Saturday, November 3, 2012

Candidate Travel Plans: Victory Lap or Act of Desperation

by Clifford F. Thies

Travel plans for the Presidential candidates are now announced through Monday. Significantly, on Sunday, this will include a stop in Pennsylvania. Coincident with this, the Republican National Committee is now joining Romney's campaign committee and several associated SuperPACs in throwing big money into the state, bringing the total Republican buy of television and radio advertising in this one state to over $10 million. The Democrats are calling it an act of desperation. Romney, they say, realizes he will lose in Ohio, as well as in most if not all of the other "firewall states," and is trying to pull victory out of the jaws of defeat by seeking an alternate path to the White House.

First, the numbers continue to look like what they have been looking like for some time now: a Romney advantage with a turnout model somewhere midway between 2004 and 2008, and an Obama advantage with a turnout model like 2008, with all kinds of ancillary information supporting the former. In either case, a close election. Interestingly, in the case of Ohio, I find no difference between Romney's margin in the state and his margin nationwide. This is also true for Colorado, Nevada, New Hampshire, and Virginia. In all these cases, it's a 2 point margin for Romney. I expect each of these states to go one way or the other, depending on who turns out to vote. Two other states - Iowa and Wisconsin - are too close for me to call, even with the large number of polls that have been collected. Which brings me to Minnesota and Pennsylvania, each of which I tab as "leans Obama," because the small Obama advantage is just equal to my calculation of the margin of error. Therefore, as I see it, Romney has four "outs": Ohio (obviously) (in addition to CO, FL, IN, NC, VA and the McCain states), Wisconsin + one (of IA, NH and NV), Minnesota + one, and Pennsylvania.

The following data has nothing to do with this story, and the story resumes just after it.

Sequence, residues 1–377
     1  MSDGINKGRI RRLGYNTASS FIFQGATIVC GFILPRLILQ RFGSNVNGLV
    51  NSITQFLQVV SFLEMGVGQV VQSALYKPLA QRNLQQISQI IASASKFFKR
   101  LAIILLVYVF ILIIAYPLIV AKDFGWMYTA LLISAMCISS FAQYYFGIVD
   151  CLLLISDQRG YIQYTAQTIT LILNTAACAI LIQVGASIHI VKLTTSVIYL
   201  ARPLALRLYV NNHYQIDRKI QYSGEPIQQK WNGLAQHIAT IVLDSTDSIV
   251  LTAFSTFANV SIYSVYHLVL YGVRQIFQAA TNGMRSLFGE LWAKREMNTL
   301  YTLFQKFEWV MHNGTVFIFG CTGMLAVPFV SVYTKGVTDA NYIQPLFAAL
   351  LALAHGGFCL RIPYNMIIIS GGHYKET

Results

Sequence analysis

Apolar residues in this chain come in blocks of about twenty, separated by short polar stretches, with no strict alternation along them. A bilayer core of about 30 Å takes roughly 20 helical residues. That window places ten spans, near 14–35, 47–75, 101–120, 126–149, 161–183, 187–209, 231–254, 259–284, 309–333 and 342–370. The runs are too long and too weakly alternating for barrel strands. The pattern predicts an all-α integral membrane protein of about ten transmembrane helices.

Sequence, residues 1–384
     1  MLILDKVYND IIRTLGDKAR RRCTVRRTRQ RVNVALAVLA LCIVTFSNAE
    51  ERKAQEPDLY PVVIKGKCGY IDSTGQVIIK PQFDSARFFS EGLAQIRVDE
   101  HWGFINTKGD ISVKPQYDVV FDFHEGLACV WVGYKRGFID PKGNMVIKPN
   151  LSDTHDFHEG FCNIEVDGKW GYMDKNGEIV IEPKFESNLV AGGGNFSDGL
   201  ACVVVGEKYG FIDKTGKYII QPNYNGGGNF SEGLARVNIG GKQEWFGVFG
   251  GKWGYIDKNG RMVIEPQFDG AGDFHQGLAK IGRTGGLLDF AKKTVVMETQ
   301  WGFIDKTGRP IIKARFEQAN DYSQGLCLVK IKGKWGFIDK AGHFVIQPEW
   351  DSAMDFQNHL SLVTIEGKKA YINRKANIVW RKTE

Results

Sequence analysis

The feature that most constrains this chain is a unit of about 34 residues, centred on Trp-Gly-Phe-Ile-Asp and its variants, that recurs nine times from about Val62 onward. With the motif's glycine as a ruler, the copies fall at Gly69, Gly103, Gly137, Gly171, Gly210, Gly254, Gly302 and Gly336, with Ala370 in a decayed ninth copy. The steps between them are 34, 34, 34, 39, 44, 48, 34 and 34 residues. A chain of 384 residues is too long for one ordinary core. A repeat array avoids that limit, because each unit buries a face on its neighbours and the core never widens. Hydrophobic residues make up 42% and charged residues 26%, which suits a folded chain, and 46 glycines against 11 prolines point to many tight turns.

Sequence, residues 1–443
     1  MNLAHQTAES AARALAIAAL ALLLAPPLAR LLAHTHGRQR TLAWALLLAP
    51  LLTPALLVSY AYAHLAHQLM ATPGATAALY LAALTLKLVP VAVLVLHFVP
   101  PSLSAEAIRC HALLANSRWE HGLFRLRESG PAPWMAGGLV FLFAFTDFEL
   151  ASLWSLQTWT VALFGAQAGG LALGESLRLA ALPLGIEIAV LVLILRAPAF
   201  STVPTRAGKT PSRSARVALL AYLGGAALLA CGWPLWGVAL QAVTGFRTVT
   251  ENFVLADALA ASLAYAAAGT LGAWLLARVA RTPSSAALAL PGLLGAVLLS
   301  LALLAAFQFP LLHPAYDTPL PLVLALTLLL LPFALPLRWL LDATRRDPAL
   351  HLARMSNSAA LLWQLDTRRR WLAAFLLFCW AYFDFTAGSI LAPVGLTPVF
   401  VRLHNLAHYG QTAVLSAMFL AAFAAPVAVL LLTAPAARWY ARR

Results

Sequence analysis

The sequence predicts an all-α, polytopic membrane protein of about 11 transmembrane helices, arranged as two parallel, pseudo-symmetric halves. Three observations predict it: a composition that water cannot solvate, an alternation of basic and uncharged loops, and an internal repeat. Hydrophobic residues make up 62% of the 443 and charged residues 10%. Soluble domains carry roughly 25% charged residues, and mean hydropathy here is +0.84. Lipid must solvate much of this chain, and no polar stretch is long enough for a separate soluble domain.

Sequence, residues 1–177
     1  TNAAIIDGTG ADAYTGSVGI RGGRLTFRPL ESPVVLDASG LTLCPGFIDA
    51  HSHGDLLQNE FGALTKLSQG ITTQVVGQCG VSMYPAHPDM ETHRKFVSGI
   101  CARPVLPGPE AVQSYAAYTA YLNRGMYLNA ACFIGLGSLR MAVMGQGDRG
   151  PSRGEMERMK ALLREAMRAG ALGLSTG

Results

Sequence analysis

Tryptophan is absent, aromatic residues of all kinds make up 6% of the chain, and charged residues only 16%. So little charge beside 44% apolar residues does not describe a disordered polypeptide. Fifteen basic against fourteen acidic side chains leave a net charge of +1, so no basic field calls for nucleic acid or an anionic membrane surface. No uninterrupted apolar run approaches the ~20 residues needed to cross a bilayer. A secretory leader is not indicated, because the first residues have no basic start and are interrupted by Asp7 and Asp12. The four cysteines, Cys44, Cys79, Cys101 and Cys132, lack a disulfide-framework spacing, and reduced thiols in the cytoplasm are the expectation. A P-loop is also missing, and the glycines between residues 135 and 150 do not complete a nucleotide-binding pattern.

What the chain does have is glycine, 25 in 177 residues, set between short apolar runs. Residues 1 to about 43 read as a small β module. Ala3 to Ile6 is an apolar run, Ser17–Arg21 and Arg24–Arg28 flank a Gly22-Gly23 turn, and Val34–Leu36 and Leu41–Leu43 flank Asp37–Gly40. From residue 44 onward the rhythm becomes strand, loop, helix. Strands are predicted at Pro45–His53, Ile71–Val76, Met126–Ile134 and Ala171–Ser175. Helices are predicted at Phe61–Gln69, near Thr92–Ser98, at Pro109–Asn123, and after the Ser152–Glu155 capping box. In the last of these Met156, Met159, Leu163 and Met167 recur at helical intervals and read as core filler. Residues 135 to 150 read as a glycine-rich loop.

Second, Romney has the resources to "spread the field," and Obama doesn't. This should mean that Romney can "move the numbers" through a massive, coordinated air and ground attack to which the other side cannot respond, well, except by sending in Bill Clinton to remind Democrat women why they need birth control. Furthermore, by putting Pennsylvania, Minnesota and, to a lesser extent, Michigan into play, the potential for busing in "voters" from neighboring states is greatly reduced.

Third, a bigger victory in the Electoral College means something. For one thing, it would preclude Democrat attempts to steal the election through legal maneuvers. For another, combined with winning the popular vote, it gives further legitimacy to a Romney presidency.

Photo credit - TheBlaze

1 comment:

jgeleff said...

Driving in Montgomery County PA (a Philadelphia suburb) today, headed to a family party, I took note that Romney yard signs outnumbered Obama yard signs by a factor of probably 10 to 1. This is the area that the pundits say is needed to offset Obama's huge vote advantage in the city. I'd say it's happening, based on what I saw today.